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tline3open  Help Dating J.E. Caldwell Tea Service

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Author Topic:   Help Dating J.E. Caldwell Tea Service
joe Bruce

Posts: 20
Registered: Jun 2006

iconnumber posted 09-25-2007 06:16 PM     Click Here to See the Profile for joe Bruce     Edit/Delete Message   Reply w/Quote
[26-1506]

Hello Everyone,

If some of you will remember me, I am a collector of 18th-19th C. English silver, mainly Presentation pieces. I live in the Detroit area and have a great time every chance I can, rummaging through the old Grosse Pointe houses and mansions, looking for silver that has been tucked away years ago and forgotten about. I usually come across some unique finds, like this J.E.Caldwell Tea/Coffee Service. I am wondering if anyone here can estimate a date when it was made? I plan on kepping it on my sideboard for now. it has 7 pieces, Hot water Kettle with tilting stand and burner, teapot, coffeepot, helmet creamer, waste bowl, and covered sugar. Each piece has substantial weight(total weight is 165 Ounces Troy) No tray. Each piece is marked: "818 J.E. Caldwell & Company 925-1000, Sterling , Philadelphia" , Neoclassical style with urn finials and square bases. I have searched for information on this firm and know they were started in the middle 19 C. Philadelphia and retailed pieces done by Tiffany and Gorham. The information seems to stop there! My guess is early 1900s. Any input is much appreciated! Keep up the great work! Thanks.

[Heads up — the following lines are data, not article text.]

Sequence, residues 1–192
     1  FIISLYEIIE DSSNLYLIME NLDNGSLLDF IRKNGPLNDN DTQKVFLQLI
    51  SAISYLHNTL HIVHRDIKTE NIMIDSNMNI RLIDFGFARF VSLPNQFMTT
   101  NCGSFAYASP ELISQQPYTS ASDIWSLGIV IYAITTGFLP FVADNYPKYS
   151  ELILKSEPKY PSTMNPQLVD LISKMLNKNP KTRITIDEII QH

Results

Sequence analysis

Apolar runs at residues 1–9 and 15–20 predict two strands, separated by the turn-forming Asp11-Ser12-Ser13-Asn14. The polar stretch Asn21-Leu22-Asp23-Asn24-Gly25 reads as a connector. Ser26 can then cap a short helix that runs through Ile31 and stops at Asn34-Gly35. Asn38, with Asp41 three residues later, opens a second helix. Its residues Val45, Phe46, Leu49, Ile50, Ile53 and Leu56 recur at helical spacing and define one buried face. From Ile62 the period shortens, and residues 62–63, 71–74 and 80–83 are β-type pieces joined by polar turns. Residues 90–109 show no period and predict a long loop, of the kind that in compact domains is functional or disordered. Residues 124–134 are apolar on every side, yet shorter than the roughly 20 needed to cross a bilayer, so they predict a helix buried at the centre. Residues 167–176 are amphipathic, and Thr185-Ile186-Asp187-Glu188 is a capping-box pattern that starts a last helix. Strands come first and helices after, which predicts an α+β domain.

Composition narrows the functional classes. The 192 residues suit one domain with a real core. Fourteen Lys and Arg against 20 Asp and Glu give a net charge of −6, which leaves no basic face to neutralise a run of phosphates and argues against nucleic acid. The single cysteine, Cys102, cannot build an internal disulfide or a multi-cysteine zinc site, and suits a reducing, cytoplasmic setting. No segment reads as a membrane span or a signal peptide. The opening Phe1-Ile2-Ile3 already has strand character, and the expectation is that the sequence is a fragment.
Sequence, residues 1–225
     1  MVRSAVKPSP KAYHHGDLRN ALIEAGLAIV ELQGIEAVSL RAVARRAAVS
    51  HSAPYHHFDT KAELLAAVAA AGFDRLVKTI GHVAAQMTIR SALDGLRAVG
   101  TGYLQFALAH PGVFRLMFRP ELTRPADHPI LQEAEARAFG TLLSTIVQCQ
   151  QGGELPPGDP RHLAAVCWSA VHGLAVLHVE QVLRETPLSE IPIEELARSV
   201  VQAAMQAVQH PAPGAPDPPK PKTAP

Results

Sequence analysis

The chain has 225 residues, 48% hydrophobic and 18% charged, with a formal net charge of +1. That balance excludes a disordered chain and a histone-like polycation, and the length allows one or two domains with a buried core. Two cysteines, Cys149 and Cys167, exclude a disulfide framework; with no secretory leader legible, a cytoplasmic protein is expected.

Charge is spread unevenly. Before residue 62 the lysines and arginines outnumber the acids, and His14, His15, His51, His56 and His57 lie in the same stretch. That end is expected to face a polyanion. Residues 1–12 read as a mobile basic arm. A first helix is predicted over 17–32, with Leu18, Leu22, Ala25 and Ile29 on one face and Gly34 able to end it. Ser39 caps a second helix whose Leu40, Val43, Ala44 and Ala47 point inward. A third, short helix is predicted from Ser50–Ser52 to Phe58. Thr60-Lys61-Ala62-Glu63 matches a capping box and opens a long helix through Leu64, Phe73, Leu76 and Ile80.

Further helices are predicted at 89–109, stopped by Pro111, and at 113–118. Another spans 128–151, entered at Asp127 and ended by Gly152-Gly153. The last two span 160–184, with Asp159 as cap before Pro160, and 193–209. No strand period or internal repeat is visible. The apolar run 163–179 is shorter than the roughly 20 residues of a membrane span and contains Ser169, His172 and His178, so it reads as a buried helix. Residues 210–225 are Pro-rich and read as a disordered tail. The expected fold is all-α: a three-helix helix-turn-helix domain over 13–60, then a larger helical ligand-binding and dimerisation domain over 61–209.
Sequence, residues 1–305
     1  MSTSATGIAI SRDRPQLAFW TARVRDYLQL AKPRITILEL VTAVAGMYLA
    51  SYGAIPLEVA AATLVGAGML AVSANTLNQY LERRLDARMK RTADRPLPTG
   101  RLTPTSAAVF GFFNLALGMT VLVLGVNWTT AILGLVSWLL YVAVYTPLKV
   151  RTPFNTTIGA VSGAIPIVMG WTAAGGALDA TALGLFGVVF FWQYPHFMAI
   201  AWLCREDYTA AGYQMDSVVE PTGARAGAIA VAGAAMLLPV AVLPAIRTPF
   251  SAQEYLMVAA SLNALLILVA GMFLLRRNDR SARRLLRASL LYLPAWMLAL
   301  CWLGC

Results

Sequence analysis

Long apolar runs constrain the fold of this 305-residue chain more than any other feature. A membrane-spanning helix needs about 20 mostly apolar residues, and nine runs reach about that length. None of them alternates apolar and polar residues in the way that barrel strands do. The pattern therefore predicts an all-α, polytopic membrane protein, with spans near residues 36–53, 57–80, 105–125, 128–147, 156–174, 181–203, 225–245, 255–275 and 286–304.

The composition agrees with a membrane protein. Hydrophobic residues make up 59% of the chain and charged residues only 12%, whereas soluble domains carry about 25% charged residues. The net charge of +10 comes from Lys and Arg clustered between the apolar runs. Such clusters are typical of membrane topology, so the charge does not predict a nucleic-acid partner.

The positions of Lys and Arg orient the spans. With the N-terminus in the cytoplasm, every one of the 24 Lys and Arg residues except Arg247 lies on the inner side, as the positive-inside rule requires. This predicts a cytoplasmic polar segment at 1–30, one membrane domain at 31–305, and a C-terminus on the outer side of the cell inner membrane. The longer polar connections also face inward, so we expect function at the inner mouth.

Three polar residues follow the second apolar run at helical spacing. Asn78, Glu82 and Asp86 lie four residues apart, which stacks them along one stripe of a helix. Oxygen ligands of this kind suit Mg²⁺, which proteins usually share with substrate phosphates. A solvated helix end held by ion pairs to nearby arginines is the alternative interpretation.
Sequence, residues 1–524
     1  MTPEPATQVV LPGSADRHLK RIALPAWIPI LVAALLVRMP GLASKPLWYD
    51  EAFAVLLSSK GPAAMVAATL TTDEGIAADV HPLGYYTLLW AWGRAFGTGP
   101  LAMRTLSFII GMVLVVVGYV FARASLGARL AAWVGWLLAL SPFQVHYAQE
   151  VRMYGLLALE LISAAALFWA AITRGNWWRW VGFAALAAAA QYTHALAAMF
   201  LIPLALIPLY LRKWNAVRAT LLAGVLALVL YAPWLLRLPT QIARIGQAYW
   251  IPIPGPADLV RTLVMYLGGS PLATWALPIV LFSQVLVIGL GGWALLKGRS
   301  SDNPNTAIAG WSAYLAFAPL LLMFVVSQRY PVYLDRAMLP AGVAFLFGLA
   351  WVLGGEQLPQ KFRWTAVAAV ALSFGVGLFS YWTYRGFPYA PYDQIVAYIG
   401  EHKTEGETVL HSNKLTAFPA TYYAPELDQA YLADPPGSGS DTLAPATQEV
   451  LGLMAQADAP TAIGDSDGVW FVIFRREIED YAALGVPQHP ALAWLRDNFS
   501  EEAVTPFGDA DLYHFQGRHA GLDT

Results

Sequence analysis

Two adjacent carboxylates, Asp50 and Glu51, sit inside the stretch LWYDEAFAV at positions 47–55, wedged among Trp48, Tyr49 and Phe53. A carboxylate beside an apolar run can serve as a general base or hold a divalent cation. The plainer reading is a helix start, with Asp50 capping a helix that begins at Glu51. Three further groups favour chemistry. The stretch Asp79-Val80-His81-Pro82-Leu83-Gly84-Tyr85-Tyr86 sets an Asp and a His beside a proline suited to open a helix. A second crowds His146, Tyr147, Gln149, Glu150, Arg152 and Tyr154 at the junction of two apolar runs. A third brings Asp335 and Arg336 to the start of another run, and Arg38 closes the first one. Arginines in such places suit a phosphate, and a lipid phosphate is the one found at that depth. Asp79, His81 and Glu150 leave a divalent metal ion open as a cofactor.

Joe



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FredZ

Posts: 1069
Registered: Jun 99

iconnumber posted 09-25-2007 09:43 PM     Click Here to See the Profile for FredZ     Edit/Delete Message   Reply w/Quote
The monogram looks much older than early 19 century. It reminds me of early 20th century. The Adam style design of the set could have been made at any time. And the use of 925/1000 seems odd for the early 1800's. Just my humble opinion.

Fred

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silverhunter

Posts: 704
Registered: Jul 2007

iconnumber posted 09-26-2007 10:34 AM     Click Here to See the Profile for silverhunter     Edit/Delete Message   Reply w/Quote
Every piece is in a splendid condition, for that size. Personal taste of somebody is always his own taste that's count. I've looked at some sites and I find it the styl for instance like a Gorham Sterling silver racing trophy (I'm sorry to say) Big and made not in (personal observation ofcourse) right proportion. Considering the age I think around 1920.
At my site it isn't possible to buy such artistic silverobjects and so be happy with it.
I hope you get the real date answer!

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swarter
Moderator

Posts: 2920
Registered: May 2003

iconnumber posted 09-26-2007 12:42 PM     Click Here to See the Profile for swarter     Edit/Delete Message   Reply w/Quote
quote: